During the past eight years hosting his foundation's annual Chanukah Telethon on WLNY Channel 55, Lubavitcher Rabbi Anchelle Perl has come to be known as the "Rockin' Rabbi" ¬ the Rabbi With a Cause, the emcee on the MC. Cynics may call his antics a bit corny, but few can resist the charm of Perl when he pulls up on a fully loaded Harley Davidson, donning a leather jacket to match his traditional black dress. His philosophy is, do whatever it takes to excite people about faith and charity.
The Man in Black: Rabbi Perl is not above silly gimmicks to excite and inspire people to give.
"It's different from the typical telethon," Perl said from the office of the National Committee for the Furtherance of Jewish Education (NCFJE) in Mineola. "The entertainment we have and some of the things I do to be exciting and inspiring are geared towards making people feel good and sharing in our work."
The telethon, in its ninth year, will air on Channel 55 throughout Long Island, New York City, Westchester and New Jersey on Sunday, Dec. 5, from 7 to 11 p.m. The festivities will include performances by doo-wop stars Johnny Maestro and the Brooklyn Bridge, The Renditions, a new "oldies" group, and will be co-hosted by the Prince of Long Island rock and roll, Mickey "B." Other activities include the lighting of a Chanukah menorah that survived an Auschwitz concentration camp, and holiday classics sung by children.
The funds raised will be divided among the many education and relief programs NCFJE coordinates, including Hebrew Schools for the Unaffiliated, the Children's Matzah Factory, Drug Prevention Outreach, Hospital Visitation to the Lonely and Good Deed Awards for Teenagers. Last year's telethon raised about $300,000.
The programs serve Jewish children who don't belong to a temple, as a kind of spiritual safety net for those who fall through the cracks with regards to their faith.
"We're providing people with resources they might not have otherwise," Perl said. "Not every typical Jewish institution meets every criteria. Our goal is for children to have a weekly Jewish education so they too can identify with synagogue life."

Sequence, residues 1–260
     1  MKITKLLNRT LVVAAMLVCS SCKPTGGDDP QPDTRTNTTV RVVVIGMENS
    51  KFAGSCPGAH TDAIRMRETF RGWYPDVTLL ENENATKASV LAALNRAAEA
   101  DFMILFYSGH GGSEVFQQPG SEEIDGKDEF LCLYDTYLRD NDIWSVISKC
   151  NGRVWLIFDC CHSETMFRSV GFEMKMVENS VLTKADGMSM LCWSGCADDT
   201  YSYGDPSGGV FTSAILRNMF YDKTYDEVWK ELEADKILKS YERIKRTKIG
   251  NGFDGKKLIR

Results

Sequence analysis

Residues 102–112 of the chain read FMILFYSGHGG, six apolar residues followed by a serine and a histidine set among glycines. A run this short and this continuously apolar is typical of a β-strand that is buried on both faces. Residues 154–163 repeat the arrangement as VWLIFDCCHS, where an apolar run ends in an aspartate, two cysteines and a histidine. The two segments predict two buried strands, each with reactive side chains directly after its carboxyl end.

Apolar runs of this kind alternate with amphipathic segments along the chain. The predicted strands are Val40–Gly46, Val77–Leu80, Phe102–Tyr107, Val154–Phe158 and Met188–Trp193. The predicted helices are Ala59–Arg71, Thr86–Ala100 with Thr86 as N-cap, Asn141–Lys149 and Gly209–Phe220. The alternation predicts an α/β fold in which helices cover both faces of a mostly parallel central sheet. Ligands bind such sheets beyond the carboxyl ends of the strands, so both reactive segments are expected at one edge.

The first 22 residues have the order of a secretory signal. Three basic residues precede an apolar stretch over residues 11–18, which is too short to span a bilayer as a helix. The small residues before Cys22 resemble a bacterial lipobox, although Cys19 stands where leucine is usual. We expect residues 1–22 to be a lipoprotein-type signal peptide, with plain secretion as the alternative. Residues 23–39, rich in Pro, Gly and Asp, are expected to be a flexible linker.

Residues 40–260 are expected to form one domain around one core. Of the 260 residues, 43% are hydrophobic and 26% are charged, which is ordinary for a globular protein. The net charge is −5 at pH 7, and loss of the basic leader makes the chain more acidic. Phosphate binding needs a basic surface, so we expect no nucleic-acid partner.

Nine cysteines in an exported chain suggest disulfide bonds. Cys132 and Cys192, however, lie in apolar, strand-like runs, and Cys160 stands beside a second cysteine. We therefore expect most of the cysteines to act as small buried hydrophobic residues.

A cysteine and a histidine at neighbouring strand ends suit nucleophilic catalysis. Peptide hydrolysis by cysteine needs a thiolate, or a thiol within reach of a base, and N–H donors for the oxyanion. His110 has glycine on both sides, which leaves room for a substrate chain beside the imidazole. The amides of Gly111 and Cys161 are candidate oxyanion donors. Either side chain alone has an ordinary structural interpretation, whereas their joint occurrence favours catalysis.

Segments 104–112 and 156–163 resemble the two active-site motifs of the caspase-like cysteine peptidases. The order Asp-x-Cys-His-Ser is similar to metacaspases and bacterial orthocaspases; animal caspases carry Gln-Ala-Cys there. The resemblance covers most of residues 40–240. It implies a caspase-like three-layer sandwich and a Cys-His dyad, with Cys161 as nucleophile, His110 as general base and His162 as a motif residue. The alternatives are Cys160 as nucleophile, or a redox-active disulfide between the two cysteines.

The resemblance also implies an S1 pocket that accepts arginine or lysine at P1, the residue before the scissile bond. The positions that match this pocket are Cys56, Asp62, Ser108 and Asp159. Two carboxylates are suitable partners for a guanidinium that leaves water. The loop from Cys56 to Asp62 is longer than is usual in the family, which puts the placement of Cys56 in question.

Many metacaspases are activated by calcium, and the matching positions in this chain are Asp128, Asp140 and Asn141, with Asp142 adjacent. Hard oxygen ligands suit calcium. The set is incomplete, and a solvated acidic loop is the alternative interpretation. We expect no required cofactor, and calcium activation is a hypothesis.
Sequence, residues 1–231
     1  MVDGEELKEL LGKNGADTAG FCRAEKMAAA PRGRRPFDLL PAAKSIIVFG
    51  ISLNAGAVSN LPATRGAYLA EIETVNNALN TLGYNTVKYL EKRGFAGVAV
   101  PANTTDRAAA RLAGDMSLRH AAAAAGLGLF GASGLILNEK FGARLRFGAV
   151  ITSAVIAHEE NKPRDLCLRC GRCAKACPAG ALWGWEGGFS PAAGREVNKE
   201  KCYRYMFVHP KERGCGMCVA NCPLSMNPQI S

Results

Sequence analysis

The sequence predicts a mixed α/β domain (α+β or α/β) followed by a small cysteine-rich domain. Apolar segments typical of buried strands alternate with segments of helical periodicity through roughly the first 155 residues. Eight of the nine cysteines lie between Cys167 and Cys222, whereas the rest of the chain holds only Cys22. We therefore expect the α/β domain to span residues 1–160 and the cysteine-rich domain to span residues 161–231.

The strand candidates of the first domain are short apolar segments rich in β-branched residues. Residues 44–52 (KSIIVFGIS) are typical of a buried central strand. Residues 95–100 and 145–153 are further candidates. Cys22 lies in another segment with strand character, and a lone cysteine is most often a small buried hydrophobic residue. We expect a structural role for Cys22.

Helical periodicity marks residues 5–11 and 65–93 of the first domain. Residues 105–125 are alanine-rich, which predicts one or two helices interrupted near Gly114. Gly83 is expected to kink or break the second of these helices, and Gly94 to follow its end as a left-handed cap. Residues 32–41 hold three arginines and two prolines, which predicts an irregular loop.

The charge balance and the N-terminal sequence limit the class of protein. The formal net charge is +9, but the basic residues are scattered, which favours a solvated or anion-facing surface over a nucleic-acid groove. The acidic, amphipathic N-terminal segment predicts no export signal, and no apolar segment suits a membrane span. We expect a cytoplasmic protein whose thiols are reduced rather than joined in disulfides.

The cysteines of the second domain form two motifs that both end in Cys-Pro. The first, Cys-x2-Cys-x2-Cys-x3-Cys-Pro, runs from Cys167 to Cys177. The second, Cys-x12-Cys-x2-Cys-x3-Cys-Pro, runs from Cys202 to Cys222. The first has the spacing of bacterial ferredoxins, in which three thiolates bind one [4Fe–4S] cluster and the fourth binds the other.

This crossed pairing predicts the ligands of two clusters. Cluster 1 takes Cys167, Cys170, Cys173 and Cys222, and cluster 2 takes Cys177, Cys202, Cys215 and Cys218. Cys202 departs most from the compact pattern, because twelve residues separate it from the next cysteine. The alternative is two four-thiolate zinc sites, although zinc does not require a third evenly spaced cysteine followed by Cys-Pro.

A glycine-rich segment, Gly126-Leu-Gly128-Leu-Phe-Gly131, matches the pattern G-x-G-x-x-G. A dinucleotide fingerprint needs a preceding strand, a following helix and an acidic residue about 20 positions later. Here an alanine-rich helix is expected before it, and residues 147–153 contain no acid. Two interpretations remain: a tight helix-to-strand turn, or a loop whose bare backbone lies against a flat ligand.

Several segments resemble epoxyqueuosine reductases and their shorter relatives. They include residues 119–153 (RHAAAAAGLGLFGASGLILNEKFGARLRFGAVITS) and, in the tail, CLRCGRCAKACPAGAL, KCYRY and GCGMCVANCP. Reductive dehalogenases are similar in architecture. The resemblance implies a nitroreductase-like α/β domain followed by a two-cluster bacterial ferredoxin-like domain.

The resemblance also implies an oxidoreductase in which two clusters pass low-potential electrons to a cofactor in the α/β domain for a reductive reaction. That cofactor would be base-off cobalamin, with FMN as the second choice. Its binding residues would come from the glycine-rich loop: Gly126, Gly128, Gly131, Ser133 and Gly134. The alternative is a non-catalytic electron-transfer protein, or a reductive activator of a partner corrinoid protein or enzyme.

The Good Deed Awards for Teenagers program honors local students of all faiths who do good work.
"Each year we honor Jewish and non-Jewish high school students for their good deeds," Perl said. "I was frustrated by the problems we're seeing in public schools, with the shootings and everything, and I know there are good kids out there. The idea was to identify them and recognize them for the good things they do."
As for the Mineola synagogue where NCFJE is based, Perl said, "I'm a Chabad Rabbi. My philosophy is we are a traditional synagogue, but I don't go by labels. Labels are for shoes and shirts, not people."
Perl studied in England, Paris and New York for 23 years, and has lived and worked on Long Island since 1974, and around the time he helped found the local NCFJE chapter, which now boasts a network of Hebrew schools throughout the Island.
The philosophy behind NCFJE is based on the Lubavitch movement, started by Rabbi M.M. Schneerson, of which Perl has been an emissary since the age of 23. The idea is simply to promote the Jewish faith through charitable work and education of the less fortunate.
Through contacts Perl had made, he came to meet Marty Altholtz, a co-owner of Hempstead Harley-Davidson. The two eventually arranged a swap of a leather motorcycle jacket for a tefillin, the flat leather strip worn by some Jews in temple.
"I used to send out a weekly fax over the years and came to meet Marty," Perl said. "He said he wanted to give me a leather jacket. I told him I'd wear it during the telethon if he wore a tefillin at home and in synagogue. He would give me some of his leather and I would give him some of mine."
The two friends eventually coordinated to create a unique product ¬ Harley-Davidson yarmulke, which are given away as gifts to callers who pledge during the telethon.
Although Perl has been doing the live broadcasts for nearly a decade, he still admits to being nervous. However, he remembers some pearls of wisdom bestowed upon him by his father.
"I used to be nervous as a child and my father would tell me that to be nervous meant to care," Perl said. "I know it's a big responsibility and I want people to watch and be uplifted, to be more with their family, to care more. It allows people an opportunity to give charity, which is important, but at the same time I'm inviting people to be partners in my work, and that's a greater responsibility."
To contact Rabbi Perl or learn more about the NCFJE, visit the website: www.rabbiperl.com.